I spent my morning with two Secondary 3 classes from Ecole de la Seigneurie in Beauport, Quebec. I've visited there in person many times, but today, because of the pandemic, we settled for a virtual visit. In my pic, you can see the two teachers -- that's Ms. Rodrigue at the top right, and in the middle is Mr. Leclerc-Lagacé. A funny thing that happened was I noticed Mr. Leclerc-Lagacé smiling, and looking like he was having a great time -- and I suspected that he was a student sending private messages to a friend! Maybe it's because I'm getting older, but it seems to me that teachers look younger and younger all the time.
It's hard to explain what made today's visit special... but there was something special about it. Even though I only saw a dozen faces at a time, I had the feeling that the classes were engaged. It helped that I got interesting questions in the chat box. Noemy asked, "How can we make writing a habit? I'm really trying!" I loved what Noemy said about "really trying." I told her that that's all she has to do -- really try -- and writing will become a habit. It's the genuine desire to do something that makes it happen. Naomi -- I had noticed her pigtails and that she looked like she was thinking a lot! -- asked, "Have you ever had trouble staying in character?' I explained that though it may sound weird, I enjoy forgetting all about my own life, and crawling into another person's skin -- for some reason, I seem to especially like being a teenaged troublemaker. Which is kind of funny when you consider I am sixty years old -- and I seldom cause trouble! So the answer is no. Writing is hard for me, rewriting is even harder, but staying in character isn't usually a problem.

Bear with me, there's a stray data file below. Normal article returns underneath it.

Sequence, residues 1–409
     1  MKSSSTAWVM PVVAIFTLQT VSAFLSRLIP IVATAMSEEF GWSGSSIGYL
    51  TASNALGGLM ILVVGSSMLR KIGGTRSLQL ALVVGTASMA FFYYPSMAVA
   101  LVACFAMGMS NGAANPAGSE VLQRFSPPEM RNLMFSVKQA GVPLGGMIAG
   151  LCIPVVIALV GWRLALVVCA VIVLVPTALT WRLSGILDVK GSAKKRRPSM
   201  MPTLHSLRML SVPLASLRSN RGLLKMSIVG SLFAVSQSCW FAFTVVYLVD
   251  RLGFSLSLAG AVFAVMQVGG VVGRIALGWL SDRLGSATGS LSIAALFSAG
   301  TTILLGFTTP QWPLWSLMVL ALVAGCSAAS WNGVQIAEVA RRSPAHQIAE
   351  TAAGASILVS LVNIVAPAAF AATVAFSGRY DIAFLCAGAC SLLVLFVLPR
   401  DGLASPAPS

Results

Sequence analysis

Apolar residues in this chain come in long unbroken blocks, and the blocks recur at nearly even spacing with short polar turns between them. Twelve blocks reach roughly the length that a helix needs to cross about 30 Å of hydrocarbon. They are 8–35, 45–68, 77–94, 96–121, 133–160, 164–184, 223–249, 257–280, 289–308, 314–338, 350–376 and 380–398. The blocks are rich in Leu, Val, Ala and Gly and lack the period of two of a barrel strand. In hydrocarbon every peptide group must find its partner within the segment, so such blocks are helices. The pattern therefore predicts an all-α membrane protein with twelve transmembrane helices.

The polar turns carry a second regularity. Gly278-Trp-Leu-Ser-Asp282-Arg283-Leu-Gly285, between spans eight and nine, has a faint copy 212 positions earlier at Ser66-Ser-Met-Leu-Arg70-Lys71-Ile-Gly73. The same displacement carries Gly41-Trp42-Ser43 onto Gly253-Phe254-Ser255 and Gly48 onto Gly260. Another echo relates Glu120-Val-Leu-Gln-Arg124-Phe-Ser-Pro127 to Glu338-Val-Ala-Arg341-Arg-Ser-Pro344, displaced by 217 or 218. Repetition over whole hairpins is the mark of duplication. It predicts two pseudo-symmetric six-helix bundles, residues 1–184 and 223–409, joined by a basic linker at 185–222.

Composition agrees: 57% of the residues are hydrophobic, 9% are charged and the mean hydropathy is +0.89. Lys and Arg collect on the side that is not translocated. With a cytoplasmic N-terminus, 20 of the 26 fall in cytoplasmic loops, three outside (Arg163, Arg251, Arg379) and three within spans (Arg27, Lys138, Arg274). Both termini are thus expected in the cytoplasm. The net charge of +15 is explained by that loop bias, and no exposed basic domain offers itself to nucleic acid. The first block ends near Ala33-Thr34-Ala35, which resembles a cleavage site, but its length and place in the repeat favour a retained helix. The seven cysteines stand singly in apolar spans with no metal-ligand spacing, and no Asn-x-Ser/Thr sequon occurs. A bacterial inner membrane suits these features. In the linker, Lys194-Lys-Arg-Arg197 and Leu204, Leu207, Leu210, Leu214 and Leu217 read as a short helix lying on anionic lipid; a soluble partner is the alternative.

I've been asking students to write about the pandemic. Today, because I felt the group could handle it, I asked them to remember the hardest moment of the pandemic. I could tell from their faces while they were working that it was a challenging task. One or two even turned off their cameras. But as I told the students, remembering takes courage. Writing takes courage too.
You know what I'm hoping? That one of these students, maybe more than one, will continue writing their pandemic story, and that maybe they'll even expand the memory, ask some "What if?" questions... and turn it into a BOOK!
Thanks to Mr. Lord for arranging today's visit; thanks to Ms. Rodrigue and Mr. Leclerc-Lagacé for sharing your classes with me. And thanks to the students for being I-can't-even-explain-why wonderful!